Last year, when I took down our Christmas tree after the holidays, I cut its branches to lay on top of my outdoor pots, thinking I was making the most of the evergreen tree by adding a mulch to the winter garden. As I was cutting, I was surprised by how much fragrance was left in the needles. So I carried a few branches into the kitchen. And that is how a new holiday tradition began.
Photography by Marie Viljoen.
Above: Before you cast off your Christmas tree or wreath after the holidays, read on about how to use the needles to perfume holiday fare. A little goes a long way.
Above: Most firs sold on sidewalks and Christmas lots are scented: Fraser, balsam, and Douglas fir have intensely fragrant needles.
Above: In Brooklyn recently, I collected some fresh branches of organically grown balsam and Fraser fir from Windswept Farm, which operates wreath and tree stands all over the city (they sell maple syrup, too). The branches—trimmings from trees cut for customers—are usually given away free, though I would be happy to pay a few dollars for the distinctive flavor that I preserve to use all year, back at home.
Above: Fir sugar is a wildly versatile and easy way to catch the magical scent of Christmas.
Above: After rinsing and drying the plucked needles, combine a quarter cup of needles with a half cup of sugar and process in a spice grinder until very smooth and bright green. (Wash the grinder with hot water immediately after use or its blades will remain gummed up with resin.) After grinding, transfer the highly aromatic fir sugar concentrate to a large bowl and add another cup of sugar to dilute it, mixing it well with your hands, before bottling and storing. You can make fir salt in exactly the same way. The color will fade with time but the scent will remain strong.
Above: How to use fir sugar? Dip the rims of cocktail glasses first into lemon juice and then gently into fir sugar, letting the rims dry for 10 minutes before filling the glasses. (To clean these sugared glasses stand them upside down on a plate with a little warm water until the sugar loosens.)
Above: Viscously cold vodka pairs very well with fir, and sends your party in a Nordic direction. Even more intense is a vodka in which you have macerated fir needles for a week, before straining.
Above: Substitute fir sugar in a butter cookie recipe for a holiday snack with a whisper of the North. Add a dab of the green sugar to the frosting, too. And use fir sugar instead of the regular sugar and vanilla to make a surprising ice cream topped with chocolate sauce.
Above: For a winter counterpart to summer’s mint julep, shake up 2 teaspoons of fir sugar with 1 teaspoon of lemon juice and 4 fluid ounces of bourbon. Pour and sip while you bake this year’s fruitcakes.
Above: Staying with cold climate traditions, use fir sugar to make gravlax, a quick-cure of salmon that is ready to eat after three days. I use a juniper sugar as well as a fir salt for this cure.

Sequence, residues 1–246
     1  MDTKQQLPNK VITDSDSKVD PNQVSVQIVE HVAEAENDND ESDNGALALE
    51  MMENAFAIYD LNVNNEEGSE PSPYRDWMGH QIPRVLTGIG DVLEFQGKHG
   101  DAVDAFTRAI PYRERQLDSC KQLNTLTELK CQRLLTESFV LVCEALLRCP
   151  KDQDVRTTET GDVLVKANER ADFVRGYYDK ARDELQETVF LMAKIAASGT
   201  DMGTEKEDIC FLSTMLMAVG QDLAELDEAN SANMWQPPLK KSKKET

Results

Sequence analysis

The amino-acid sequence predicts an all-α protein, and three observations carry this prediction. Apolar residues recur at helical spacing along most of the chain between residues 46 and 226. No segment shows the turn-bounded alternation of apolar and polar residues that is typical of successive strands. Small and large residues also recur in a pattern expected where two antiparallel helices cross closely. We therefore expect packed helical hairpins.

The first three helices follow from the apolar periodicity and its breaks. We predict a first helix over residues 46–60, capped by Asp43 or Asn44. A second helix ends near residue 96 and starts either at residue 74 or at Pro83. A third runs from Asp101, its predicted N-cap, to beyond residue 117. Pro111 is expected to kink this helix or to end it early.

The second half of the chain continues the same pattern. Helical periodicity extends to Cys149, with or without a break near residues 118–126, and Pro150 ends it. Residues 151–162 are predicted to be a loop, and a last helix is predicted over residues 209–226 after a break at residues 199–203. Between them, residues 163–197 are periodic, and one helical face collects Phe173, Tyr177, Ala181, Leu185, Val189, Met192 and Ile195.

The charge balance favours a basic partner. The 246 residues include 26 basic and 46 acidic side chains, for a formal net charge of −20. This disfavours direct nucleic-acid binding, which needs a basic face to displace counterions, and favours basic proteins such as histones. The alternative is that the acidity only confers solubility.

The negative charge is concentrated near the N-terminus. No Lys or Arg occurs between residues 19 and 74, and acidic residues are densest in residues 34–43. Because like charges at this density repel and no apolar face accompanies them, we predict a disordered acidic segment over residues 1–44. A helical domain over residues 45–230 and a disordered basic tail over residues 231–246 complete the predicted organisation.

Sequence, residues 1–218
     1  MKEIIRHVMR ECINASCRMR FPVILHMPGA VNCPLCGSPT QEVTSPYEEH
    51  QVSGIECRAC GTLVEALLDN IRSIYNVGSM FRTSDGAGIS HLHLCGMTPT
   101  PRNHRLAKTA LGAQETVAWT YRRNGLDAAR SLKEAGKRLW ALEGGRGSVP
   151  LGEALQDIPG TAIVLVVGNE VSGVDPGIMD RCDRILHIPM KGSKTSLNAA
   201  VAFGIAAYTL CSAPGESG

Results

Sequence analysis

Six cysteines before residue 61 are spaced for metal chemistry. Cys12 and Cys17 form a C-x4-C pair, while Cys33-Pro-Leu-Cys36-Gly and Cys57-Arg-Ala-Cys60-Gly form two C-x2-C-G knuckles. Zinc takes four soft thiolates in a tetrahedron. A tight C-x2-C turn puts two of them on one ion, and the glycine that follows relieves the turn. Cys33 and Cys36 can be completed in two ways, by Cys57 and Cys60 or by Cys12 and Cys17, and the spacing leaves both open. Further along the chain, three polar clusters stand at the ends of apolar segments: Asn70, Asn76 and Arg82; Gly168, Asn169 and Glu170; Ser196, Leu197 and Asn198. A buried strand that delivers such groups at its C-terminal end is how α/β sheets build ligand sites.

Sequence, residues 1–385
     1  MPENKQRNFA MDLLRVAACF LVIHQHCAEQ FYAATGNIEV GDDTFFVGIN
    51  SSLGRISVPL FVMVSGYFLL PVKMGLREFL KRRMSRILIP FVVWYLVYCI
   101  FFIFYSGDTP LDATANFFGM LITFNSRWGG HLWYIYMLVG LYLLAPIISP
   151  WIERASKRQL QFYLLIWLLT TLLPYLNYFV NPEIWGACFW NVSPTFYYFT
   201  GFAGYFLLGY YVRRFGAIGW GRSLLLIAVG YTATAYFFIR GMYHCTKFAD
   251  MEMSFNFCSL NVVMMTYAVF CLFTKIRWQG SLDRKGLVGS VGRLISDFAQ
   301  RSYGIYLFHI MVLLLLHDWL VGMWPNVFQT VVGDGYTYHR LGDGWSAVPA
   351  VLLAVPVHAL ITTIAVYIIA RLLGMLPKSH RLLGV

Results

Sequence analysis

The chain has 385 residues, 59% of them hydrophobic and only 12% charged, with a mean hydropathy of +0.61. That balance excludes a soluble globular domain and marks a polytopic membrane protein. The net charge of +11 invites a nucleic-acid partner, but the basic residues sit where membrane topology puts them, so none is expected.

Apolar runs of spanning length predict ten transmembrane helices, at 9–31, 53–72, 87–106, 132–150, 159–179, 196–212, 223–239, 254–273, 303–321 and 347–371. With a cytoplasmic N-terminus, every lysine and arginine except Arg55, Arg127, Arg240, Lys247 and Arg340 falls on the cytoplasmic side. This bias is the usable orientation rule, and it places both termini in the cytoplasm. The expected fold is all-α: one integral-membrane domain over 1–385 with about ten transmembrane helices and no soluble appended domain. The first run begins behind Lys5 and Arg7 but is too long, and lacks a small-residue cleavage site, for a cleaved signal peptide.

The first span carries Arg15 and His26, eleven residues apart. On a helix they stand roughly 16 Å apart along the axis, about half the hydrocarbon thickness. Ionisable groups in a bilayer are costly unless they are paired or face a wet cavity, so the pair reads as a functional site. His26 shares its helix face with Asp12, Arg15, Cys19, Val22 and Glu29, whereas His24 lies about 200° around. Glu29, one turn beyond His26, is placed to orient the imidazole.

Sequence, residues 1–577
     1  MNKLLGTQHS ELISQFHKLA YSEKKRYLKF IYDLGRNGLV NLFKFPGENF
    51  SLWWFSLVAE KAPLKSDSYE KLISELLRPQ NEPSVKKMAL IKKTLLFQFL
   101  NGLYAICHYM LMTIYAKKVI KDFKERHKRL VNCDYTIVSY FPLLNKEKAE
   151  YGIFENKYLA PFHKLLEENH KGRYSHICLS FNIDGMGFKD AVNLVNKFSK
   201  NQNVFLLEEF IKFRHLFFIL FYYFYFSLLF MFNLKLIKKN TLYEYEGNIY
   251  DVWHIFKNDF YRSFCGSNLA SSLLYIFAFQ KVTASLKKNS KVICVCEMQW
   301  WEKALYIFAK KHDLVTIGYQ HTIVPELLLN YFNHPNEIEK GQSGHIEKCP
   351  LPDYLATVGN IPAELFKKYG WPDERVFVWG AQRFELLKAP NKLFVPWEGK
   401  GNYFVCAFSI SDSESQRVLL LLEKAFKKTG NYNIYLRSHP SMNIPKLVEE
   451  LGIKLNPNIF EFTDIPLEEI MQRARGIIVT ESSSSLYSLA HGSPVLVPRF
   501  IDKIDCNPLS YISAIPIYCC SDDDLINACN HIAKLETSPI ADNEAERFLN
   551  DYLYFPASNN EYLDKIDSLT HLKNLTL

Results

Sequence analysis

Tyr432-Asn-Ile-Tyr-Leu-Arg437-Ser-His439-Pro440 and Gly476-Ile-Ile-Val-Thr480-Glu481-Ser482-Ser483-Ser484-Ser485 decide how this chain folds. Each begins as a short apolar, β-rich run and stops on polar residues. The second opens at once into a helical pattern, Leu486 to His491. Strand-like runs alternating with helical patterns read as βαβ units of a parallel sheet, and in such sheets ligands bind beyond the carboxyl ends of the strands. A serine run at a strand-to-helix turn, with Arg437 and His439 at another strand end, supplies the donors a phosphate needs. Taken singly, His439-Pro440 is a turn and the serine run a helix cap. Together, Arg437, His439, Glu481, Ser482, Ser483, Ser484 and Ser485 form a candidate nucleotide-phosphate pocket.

Fir and Juniper Gravlax
Serves 8 as an appetizer
I made this gravlax with a side of salmon from my annual share of wild-caught red salmon from the Iliamna Fish Company.
1 side of salmon, approximately 1.5 pounds, trimmed to fit a baking dish or roasting tray
3 tablespoons fir sugar
1 tablespoon fir salt
3 tablespoons vodka
2 tablespoons fir sugar
1 tablespoon juniper sugar
2 tablespoons fir salt
3 tablespoons vodka
Sprinkle some of the First Cure salt and sugar in the bottom of a large baking dish. Place the side of salmon in the dish, skin side down. Sprinkle the rest of the salt and sugar over the salmon, pressing it gently onto the flesh. Pour the vodka over and then tilt the dish to catch any liquid that collects and spoon that back over the fish. Cover the salmon with a double piece of parchment paper, and then with plastic wrap, weight it with a wooden board board or a dish that fits within the dish, and then a really heavy book (I use use an Oxford English Reference Dictionary) or heavy cans, and transfer to the refrigerator.
After 24 hours, remove the salmon from the refrigerator and uncover. Turn the salmon so that it is skin-side up. Cover again, replace the weight and return to the refrigerator for a second night.
On the third day, remove the salmon from the dish and gently rinse off the First Cure. Pat dry with paper towels. Wipe the dish, and sprinkle the Second Cure’s fresh fir sugar, juniper sugar, and salt over the bottom of the dish. Place the salmon on top, skin side down. Sprinkle the remaining sugars and salt over the fish, press them onto the flesh, and pour over the fresh 3 tablespoons of vodka. Cover the fish with new parchment paper, then with plastic wrap, and replace the board and the weight. Send it back into the refrigerator for its third night.
On day four the salmon will be perfectly cured and ready to eat. Place the salmon on a board and slice it as finely as you can on an angle, using a very sharp knife. Have a set of good tweezers handy so that you can pull out the pin bones that will be exposed as you slice (I find it easier to remove them now than before the fish is cured). Serve the gravlax on fingers of thinly sliced dense brown bread with a slathering of very good sweet cream butter.
Goes well with vodka. Of course.
For more of our favorite festive recipes, see: